British Columbia

'People are sick of it': communities across B.C. grapple with illegal dumping

Mattresses, couches, TV's, abandoned pets, and even animal caracasses — the summer of 2016 has been a busy one for community cleanup crews while B.C.'s Ministry of Environment wants citizens to stop illegal dumping.

Volunteer cleanup crews emerge across the province to pick up old TV's, hide-a-beds, and even abandoned pets

Campbell River cleanup crews are trying to stop illegal dumping on rural roads that community members like to use for things like trail riding. (Jamie Andrews/Facebook)

Jme Andrews has seen a lot of illegal dumping on the backroads of Campbell River. She's come across old TV's, hide-a-beds, and even abandoned pets.

"I was out there trail riding on Tuesday and found a kitten that someone booted out of their vehicle," said Andrews, adding that the seven-week kitten is far too affectionate to have been feral.

The kitten, whose since been named Scrappy, might be the only treasure amongst trash. The rest of the junk — paint cans, oil drums, and even garbage bags filled with animal carcasses — she collects with a horde of volunteers once every few months and takes to the dump.

Jme Andrews' daughter comforts an abandoned kitten found on a logging road. (Jamie Andrews/CBC)

"Most people are willing to help out, because people are sick of it," said Andrews, who's in the midst of organizing her third community cleanup in the region.

Across British Columbia, countless communities have reached the same tipping point: mobilize volunteers to start cleaning up abandoned waste, or watch the garbage pile up.

In Kelowna, the Okanagan Forest Task Force has emerged to cleanup the backwoods, while in the Fraser Valley, Chilliwack Cleanup has formed to not only pick up litter, but pull out thousands of nails buried deep along the river from what's been decades of illegal dumping and burning.

An onion of a problem

According to Brock MacDonald, CEO of the Recycling Council of British Columbia, the problem across the province is more complex than people think.

"This is an onion that has a lot of layers," he said on CBC's BC Almanac. "No matter how you peel it, you tend to end up crying."

MacDonald says dumping is happening in every community in British Columbia, and that the RCBC has been monitoring it closely.

They're currently assessing the efficacy of platforms like Surrey's Pop-Up Junk Day — a community event where residents can drop off their junk and save on disposal fees — as a potential solution to the problem.

Pop-Up Junk Day happens six times a year in Surrey and is an opportunity for residents to save on disposal fees and for the city to cut down on illegal dumping. (CBC)

He admits that getting rid of garbage can be difficult. He attributes a lot of the dumping in back alleys to many residents not having access to trucks or vehicles large enough to transport furniture to the dump.

"Perhaps there needs to be something that can be done for those folks that have a transportation issue," he said, adding that the RCBC's research is suggesting that a lot of the dumping in the city is occurring out of convenience.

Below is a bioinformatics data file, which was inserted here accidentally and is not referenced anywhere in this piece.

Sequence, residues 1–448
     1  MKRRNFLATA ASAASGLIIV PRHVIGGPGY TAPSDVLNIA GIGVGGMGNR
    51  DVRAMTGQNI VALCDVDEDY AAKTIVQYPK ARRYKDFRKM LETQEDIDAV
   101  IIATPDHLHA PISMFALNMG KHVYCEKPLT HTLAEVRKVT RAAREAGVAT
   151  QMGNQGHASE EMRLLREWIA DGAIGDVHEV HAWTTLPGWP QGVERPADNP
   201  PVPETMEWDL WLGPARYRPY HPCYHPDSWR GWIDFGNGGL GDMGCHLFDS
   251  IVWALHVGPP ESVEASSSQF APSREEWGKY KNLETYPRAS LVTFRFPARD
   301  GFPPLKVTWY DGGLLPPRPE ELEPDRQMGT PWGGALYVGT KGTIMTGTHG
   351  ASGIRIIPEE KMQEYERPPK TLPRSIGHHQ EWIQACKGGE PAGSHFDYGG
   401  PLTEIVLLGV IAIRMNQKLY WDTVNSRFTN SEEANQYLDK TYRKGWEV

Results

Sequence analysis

With furniture commonly being dumped, MacDonald hopes that one day it could be regulated by the provincial recycling program.

"You could actually have a social enterprise where people bring in their old furniture and they're repaired and recovered by people that are learning that trade," he said.

Not pointing the finger

But for now, many community groups across the province are taking cleaning matters into their own hands.

The Campbell River cleanup crew plans to make a big effort before the end of the month to get to the waste before the rain comes in, while Kelowna's volunteer Okanagan Forest Task Force will bring a Bobcat to Postill Lake Road to take care of the region's trash problem.

According to the task force's organizer Kane Blake, there's no single group of people responsible for the waste.

Backwoods dumping in Kelowna has prompted the formation of the Okanagan Forests Task Force, which tries to keep junk out of natural spaces. (Ron Lancour/OFTF/Facebook)

"It's hard to point one finger at one specific group," said Blake. "It's a mixture of everybody and it's also a combination of people being lazy."

Blake urges citizens who see illegal dumping occur to take a picture with their cell phones and report the culprits.

B.C.'s Ministry of Environment warns citizens not to confront or apprehend someone in the process of illegal dumping, but to report polluters to the government.

"It's an activity that shouldn't happen," said Chris Doyle, Deputy Chief in Charge of Provincial Operations for the B.C. Conservation Officer Service. "People need to be more responsible with their waste and not have an environmental impact or be attracting bears or putting waste that could be harmful to people to the bush."

"We certainly will look at it from an enforcement point of view," said Doyle.

According to B.C.'s Environmental Management Act, people convicted of illegally dumping waste can face fines up to $1 million and face jail time.

With files from CBC's BC Almanac

To listen to the full interview, click on the audio labelled: B.C. residents are fed up with illegal garbage dumping


Jon Hernandez

Video Journalist

Jon Hernandez is an award-winning multimedia journalist from Vancouver, British Columbia. His reporting has explored mass international migration in Chile, controversial logging practices in British Columbia, and the global HIV/AIDS epidemic. Follow Jon Hernandez on Twitter: